- People who take ownership of their actions.
- People who can back up their experience with evidence.
- Technical skill fits.
- Candidates with verifiable references.
For more advice on what to look out for during interviews, click here.
5. They Show Appreciation for Their Team
Great veterinary managers know that while the odd ‘pizza party’ can help team morale, regular acts of recognition are necessary for healthy, happy teams. Cultivating a general culture of gratitude can counteract toxic behavior and strengthen team relations. We strongly advise learning more about human needs psychology and also reading the Five Love Languages book as applied to business.
6. They Reward Good Behavior
When it comes to discipline, poor leaders tend to use the stick (fear motivation) rather than the carrot (reward). But good managers know that this isn’t always the most effective way to get stuff done. It rarely is. This Victorian factory relic needs to be consigned to the management tool bin as it does not fly with Generation Y onward.
Research suggests that when it comes to motivation, rewards trigger the ‘action’ part of the brain, whereas punishments set off the ‘avoid’ part. This is because when it comes to positive things, our brains want more of it and so signal ‘go!’. But when it comes to things that threaten us (deep water, poison… scary clients) our brains have evolved to ‘stop’, to avoid the threat altogether.
It follows, therefore, that if you want something done, positive reinforcement is a better tool to use. But if you want something not to get done, negative reinforcement will, over time, cause paralysis within your team .
7. They Prioritize Their Team’s Development
Leaders who want more from their teams have to go the extra mile.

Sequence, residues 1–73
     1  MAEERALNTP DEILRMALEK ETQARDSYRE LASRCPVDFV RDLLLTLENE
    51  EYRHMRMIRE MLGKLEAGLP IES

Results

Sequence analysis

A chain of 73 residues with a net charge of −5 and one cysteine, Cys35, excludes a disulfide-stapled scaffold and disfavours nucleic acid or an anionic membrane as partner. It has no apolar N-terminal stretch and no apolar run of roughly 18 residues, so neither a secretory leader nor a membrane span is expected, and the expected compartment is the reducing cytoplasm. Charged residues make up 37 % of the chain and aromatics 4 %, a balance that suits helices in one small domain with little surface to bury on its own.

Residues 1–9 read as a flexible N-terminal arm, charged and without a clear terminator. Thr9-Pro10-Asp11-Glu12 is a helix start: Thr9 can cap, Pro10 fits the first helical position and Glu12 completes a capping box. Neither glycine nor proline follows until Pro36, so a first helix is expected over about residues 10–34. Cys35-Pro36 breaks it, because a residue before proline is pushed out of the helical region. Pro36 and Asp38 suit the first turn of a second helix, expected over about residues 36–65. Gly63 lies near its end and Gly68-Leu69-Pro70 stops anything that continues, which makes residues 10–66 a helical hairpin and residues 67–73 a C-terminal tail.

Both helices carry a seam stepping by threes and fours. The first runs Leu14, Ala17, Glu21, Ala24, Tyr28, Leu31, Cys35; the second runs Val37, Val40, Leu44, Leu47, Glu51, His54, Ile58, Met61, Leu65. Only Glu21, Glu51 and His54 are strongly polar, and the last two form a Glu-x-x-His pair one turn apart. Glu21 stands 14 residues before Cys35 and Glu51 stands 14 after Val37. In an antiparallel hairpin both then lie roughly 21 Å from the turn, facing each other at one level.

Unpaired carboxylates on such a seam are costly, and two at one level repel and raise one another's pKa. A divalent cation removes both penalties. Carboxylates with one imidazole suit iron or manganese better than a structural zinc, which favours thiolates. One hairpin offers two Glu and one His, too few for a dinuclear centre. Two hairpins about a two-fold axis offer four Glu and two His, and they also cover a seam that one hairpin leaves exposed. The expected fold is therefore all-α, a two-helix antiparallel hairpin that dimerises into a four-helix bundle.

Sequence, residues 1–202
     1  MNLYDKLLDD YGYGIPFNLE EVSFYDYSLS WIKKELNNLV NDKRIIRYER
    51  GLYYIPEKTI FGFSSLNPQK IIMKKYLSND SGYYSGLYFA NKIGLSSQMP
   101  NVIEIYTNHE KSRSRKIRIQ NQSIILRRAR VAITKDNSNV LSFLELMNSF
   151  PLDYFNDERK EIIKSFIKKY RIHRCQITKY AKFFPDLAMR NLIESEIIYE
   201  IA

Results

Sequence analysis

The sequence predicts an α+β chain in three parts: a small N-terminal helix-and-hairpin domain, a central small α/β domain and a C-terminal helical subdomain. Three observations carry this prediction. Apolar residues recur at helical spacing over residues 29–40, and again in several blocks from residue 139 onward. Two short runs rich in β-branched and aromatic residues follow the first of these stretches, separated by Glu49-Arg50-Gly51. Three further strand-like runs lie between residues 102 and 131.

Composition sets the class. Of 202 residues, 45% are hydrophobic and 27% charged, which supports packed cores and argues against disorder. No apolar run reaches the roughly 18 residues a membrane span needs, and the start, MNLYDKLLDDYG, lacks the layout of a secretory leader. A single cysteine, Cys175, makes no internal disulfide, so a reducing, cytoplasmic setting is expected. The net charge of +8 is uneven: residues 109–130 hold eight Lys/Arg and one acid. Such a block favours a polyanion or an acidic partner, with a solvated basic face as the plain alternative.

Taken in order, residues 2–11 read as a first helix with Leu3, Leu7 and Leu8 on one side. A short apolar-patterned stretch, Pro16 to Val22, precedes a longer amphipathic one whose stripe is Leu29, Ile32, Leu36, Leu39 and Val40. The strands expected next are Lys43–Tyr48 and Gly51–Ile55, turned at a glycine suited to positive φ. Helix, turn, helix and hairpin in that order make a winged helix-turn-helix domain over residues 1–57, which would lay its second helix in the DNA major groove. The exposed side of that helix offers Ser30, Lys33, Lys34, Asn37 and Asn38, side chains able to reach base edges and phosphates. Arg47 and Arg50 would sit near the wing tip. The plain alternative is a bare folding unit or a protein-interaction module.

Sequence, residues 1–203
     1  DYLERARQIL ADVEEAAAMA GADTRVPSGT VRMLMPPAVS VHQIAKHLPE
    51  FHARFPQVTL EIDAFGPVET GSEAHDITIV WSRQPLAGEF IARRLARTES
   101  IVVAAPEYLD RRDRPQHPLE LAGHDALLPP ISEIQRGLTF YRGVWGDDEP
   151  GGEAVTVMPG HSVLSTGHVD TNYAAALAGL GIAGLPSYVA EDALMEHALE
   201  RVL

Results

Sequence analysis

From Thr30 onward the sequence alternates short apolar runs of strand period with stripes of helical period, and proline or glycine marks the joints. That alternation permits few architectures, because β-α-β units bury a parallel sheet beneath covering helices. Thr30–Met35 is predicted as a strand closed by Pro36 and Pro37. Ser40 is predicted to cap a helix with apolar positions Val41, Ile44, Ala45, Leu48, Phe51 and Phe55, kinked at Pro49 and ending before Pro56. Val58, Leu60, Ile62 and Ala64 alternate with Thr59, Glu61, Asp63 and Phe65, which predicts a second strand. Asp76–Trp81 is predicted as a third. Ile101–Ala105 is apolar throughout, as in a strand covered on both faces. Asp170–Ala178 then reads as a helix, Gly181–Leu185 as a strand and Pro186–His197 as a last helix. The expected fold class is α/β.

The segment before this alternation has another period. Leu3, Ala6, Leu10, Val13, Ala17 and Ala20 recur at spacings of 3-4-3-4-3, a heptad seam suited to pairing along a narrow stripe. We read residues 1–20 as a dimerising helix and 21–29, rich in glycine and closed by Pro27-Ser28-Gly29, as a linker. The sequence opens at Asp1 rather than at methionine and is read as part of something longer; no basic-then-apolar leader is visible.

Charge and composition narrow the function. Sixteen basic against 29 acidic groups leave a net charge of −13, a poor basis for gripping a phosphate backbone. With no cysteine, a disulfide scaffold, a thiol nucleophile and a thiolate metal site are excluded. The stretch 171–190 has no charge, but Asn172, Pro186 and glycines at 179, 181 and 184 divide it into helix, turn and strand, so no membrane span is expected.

Great leaders invest in their team’s skills and push them to challenge themselves. On a superficial level, this improves performance and client satisfaction. But on a deeper level, it can improve colleague relationships, and strengthen existing bonds between management and employees. People want to know their boss cares about them, and part of that is being helped to grow, so developing a mentoring relationship is vital.
The Secret Sauce to Practice Manager Success
There is no one size fits for managing a team. People have different styles, priorities, and expectations when it comes to leadership. But if you want to flourish at work (and in turn, help your team flourish) working on your leadership skills is the first place to start.
We have two outstanding leadership resources which you can access for free below:
Saving Veterinary Medicine: Four Areas You Need to be Working on to Improve the Culture of Your Practice
Ebook: Experienced Veterinary Professionals Explore Five of the Most Important Factors Common to Great Leaders
- Managers play a fundamental role in veterinary practice.
- Those who set strict boundaries, instill clear protocols, and work on their conflict management skills (among others) will flourish at work.
1- ‘Following policies and procedures, and why it’s important – PowerDMS.’ 18 Dec. 2020, https://www.powerdms.com/policy-learning-center/following-policies-and-procedures-and-why-its-important. Accessed 4 Feb. 2022.
2- ‘What Motivates Employees More: Rewards or Punishments?.’ 26 Sept. 2017, https://hbr.org/2017/09/what-motivates-employees-more-rewards-or-punishments. Accessed 26 Jan. 2022.